packed car
We’re getting ready to go back to Lexington for the long season until Spring starts to bring back the anticipation of returning. It has been a good season with plenty of sun and warmth once the very cold and wet early weeks passed. The hurricanes brought lots of rain but little wind. We were more fortunate than many friends in central New England. All we lost was power for about a day. Our freezer made it through, but another few hours would have trashed its contents.
Fishing, my constant thought during the season, was nothing less than awful. It’s little solace to know that I was not the only one to have little success. On top of the poor results, the 6-month old Golden Retriever puppy one of our children’s family brought with them, thought one of my best fly rods was a bone and savaged it. I was disconsolate for a bit until I remembered that the rod was guaranteed for life. I had returned it once or twice for damages during use, and I thought that dog damage wouldn’t be covered. To my surprise and pleasure, the repair department said that anything goes. Just send back the rod with as many pieces as I could find.
School starts for me next week. Once again I will be taking courses at the Harvard Institute for Learning in Retirement. I can relax a bit as I have a vacation from my committee work. I’m taking a course on comedy in film and one on contemporary American poetry. We begin the film course by watching Modern Times, the last film in Chaplin’s tramp series. It is just as entertaining and meaningful as it was in 1936.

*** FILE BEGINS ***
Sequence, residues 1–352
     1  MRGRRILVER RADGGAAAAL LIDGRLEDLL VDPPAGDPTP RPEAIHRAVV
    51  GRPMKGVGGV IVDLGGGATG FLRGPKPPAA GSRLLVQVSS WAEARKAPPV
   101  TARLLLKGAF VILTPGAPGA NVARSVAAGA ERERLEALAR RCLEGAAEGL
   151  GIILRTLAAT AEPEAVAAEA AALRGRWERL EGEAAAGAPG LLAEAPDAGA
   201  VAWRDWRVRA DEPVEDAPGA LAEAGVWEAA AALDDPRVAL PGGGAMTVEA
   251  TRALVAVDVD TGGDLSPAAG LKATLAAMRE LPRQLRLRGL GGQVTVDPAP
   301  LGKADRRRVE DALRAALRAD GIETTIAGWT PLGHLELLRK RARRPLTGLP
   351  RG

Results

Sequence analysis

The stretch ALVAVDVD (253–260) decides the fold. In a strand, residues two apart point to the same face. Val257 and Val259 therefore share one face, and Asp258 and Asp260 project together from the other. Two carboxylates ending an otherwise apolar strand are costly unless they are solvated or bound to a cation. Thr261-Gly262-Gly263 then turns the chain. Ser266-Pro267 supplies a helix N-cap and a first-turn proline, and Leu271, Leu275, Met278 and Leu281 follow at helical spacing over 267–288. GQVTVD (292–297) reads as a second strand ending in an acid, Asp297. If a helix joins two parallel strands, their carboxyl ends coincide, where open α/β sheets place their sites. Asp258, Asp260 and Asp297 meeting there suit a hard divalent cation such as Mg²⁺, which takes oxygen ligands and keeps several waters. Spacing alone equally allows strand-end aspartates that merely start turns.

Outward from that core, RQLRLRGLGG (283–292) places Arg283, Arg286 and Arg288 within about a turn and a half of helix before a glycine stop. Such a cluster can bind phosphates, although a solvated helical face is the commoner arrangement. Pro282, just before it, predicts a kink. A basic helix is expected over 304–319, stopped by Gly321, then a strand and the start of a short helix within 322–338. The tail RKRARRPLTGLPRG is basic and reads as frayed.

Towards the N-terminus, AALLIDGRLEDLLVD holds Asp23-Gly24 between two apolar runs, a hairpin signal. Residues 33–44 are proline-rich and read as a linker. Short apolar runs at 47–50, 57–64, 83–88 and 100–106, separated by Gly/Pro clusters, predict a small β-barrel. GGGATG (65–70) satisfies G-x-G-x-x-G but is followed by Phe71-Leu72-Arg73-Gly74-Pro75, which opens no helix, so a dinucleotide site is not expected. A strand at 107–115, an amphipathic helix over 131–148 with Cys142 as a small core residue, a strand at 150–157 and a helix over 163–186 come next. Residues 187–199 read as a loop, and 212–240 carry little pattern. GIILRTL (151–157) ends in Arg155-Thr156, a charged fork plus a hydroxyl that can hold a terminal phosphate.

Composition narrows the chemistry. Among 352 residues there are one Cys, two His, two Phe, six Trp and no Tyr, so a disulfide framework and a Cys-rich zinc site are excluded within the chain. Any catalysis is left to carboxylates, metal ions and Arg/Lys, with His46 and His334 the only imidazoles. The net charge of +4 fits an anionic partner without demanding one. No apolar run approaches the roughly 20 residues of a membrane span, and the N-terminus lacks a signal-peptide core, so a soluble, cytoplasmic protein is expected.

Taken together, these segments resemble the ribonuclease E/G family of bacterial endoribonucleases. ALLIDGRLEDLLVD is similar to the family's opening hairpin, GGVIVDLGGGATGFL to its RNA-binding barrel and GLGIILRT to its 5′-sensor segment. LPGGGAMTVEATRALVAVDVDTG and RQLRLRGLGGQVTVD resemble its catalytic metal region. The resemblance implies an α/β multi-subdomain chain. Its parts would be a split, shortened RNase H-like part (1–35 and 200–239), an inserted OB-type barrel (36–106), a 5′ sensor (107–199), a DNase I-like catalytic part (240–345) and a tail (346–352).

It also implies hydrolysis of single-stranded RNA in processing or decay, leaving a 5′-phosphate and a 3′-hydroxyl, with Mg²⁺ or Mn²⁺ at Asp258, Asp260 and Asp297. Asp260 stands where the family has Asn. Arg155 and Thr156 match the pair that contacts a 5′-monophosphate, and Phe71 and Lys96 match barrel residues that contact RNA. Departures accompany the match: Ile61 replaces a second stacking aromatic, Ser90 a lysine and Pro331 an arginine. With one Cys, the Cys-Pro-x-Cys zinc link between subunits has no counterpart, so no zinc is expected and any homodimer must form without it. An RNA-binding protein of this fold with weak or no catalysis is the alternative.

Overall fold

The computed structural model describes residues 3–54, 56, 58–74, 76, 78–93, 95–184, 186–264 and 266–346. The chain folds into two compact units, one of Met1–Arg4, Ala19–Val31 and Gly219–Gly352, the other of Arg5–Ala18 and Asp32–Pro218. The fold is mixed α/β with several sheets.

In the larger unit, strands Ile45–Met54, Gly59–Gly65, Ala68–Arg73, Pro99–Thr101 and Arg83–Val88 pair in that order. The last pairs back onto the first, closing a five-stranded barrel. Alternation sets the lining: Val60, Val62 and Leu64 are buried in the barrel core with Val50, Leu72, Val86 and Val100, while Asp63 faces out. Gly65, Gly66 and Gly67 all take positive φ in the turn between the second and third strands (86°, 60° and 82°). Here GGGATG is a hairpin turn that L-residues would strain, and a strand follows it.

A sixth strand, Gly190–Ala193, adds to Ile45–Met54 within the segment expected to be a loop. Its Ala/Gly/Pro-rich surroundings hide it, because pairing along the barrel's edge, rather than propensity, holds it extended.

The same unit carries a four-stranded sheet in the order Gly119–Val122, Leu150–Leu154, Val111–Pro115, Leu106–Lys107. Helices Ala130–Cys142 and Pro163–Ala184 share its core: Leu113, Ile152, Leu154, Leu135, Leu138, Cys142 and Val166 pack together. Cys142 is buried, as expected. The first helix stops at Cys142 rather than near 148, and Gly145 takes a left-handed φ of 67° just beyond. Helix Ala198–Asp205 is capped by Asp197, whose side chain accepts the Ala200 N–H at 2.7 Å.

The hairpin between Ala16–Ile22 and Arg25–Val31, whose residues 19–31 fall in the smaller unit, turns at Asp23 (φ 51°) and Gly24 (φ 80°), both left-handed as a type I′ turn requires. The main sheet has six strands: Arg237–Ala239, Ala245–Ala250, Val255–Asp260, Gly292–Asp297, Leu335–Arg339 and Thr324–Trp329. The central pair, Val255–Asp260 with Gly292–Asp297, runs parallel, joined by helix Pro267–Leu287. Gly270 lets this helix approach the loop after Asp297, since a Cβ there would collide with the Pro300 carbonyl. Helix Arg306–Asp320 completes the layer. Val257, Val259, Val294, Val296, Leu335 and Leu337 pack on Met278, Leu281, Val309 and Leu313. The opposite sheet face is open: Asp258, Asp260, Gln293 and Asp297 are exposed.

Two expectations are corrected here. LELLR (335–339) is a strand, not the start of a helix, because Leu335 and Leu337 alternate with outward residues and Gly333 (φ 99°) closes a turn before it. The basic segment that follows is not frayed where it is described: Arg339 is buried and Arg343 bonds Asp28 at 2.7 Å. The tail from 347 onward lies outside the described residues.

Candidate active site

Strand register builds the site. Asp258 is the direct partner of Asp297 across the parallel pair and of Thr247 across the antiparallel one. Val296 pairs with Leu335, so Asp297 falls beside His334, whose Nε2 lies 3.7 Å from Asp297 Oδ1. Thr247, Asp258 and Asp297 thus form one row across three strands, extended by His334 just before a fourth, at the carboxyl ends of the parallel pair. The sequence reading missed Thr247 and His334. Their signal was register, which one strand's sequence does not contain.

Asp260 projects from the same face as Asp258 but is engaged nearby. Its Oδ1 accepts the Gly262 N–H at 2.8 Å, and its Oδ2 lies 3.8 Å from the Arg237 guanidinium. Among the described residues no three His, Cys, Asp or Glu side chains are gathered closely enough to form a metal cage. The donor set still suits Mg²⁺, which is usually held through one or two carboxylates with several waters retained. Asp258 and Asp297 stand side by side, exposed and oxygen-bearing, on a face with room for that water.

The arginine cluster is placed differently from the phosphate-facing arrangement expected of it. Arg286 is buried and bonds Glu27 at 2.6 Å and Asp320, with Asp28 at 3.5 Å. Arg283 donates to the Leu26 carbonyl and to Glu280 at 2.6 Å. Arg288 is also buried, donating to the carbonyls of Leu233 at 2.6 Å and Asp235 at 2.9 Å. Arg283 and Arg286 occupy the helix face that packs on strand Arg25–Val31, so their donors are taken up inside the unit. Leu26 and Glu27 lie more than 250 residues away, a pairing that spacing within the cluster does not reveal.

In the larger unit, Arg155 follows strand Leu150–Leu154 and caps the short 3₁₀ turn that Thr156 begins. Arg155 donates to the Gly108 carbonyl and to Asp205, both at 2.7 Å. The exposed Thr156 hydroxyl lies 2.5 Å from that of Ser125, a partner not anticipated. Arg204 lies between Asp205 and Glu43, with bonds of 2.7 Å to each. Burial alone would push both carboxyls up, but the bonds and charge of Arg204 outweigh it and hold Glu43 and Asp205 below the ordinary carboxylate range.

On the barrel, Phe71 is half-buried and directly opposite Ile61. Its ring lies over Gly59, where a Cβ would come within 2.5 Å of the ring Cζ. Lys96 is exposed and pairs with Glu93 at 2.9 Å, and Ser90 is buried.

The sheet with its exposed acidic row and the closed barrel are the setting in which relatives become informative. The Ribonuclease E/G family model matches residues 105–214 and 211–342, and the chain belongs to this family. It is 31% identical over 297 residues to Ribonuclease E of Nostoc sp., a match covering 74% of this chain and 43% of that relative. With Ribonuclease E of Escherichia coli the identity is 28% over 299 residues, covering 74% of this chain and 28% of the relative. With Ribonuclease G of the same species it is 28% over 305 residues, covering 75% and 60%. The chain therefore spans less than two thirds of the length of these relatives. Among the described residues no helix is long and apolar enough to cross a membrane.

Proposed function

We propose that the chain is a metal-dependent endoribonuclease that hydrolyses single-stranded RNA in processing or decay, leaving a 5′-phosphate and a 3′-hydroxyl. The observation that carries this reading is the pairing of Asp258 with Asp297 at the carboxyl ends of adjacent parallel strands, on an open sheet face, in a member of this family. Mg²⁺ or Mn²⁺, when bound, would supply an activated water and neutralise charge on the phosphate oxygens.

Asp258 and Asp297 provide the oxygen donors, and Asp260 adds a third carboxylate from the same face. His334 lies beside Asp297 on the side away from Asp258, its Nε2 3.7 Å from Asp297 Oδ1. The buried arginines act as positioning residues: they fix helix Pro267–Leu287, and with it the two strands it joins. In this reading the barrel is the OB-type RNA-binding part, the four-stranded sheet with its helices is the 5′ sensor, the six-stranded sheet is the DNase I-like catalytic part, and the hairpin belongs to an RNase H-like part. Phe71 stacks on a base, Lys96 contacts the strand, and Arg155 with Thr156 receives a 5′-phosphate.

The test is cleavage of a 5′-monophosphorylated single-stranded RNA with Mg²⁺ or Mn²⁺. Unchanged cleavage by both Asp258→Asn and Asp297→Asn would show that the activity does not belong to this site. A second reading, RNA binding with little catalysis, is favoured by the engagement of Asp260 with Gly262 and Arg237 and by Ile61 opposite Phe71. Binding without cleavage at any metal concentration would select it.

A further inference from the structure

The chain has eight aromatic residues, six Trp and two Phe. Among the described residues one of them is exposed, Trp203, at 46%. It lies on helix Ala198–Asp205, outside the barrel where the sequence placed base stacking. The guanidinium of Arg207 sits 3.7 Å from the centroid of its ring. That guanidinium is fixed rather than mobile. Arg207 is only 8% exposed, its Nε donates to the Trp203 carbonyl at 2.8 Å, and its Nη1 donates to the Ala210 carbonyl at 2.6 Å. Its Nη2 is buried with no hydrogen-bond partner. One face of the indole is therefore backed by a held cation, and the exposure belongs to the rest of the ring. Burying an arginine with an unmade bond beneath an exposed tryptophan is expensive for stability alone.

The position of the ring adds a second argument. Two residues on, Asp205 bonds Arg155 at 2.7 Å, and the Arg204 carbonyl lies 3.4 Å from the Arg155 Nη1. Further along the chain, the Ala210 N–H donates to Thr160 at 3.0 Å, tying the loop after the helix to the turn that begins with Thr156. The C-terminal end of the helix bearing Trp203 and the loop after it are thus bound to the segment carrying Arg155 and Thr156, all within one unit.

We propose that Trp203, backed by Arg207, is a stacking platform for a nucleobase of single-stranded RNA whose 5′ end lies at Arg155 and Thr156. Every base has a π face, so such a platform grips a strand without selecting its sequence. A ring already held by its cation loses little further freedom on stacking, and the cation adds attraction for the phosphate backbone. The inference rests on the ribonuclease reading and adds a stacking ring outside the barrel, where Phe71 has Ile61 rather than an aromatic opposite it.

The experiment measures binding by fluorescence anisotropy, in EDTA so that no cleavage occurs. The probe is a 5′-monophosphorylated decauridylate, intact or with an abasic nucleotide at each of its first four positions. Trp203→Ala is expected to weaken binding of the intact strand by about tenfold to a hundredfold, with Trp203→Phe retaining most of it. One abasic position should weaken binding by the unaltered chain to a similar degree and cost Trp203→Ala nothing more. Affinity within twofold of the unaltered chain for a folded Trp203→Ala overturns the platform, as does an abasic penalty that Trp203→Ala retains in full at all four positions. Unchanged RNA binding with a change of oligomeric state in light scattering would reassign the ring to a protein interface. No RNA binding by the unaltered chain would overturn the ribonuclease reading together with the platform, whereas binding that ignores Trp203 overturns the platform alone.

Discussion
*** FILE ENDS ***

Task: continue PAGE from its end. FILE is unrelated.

The rod wasn’t the only thing broken this summer. Congress seems to be in bad shape. And with the political system poorly functioning, so is the economy and the financial markets. Obama just gave his unemployment speech last night, but in spite of getting higher marks that anything sle he has done recently, it stands little chance of passage. I don’t quite understand what is going on. The opponents to any sort of stimulus don’t realize that their wealthy clientele win even more when the dollars flow.
I have been blogging all summer. There is almost always something to complain and bitch about. I ran a series of posts on “wicked problems,” that got good feedback. This concept is perhaps even more relevant today that when it was published in the 70’s. My students at Marlboro loved it. Every Congressman should pin the list of 10 features on the wall of their office. The series of posts is available via the [Archives]( link. Complexity was the prevalent theme. Maybe its concepts should be something taught beginning in elementary schools. I suspect that the younger students might get it easier than more advanced students who will have already embodied the conventional ways of thinking about the world and how it works. That is unless these young learners are thrown distinctions like “strange attractors” or “bifurcation.”
I will be teaching a small seminar on global systems at Marlboro starting in a few days. My part is to introduce these concepts. My summer reading included a few helpful texts in the area. We are using Fritjof Capra’s, *Hidden Connections*, as a reader for the seminar. I also read and greatly enjoyed his *Web of Life*. I finished off my pile with a discussion of Humberto Maturana’s work, having read Maturana and Poerksen’s, *From being to doing: The origins of the biology of cognition*. I finally believe I now understand what Maturana means when he says, “Language is the coordination of the coordination of action.”
I have to go and start packing the car. Looking at everything piled on the living room floor, I wonder if it will all fit in. It always has. I’ll be back in a few days once I get set up at home in Lexington.

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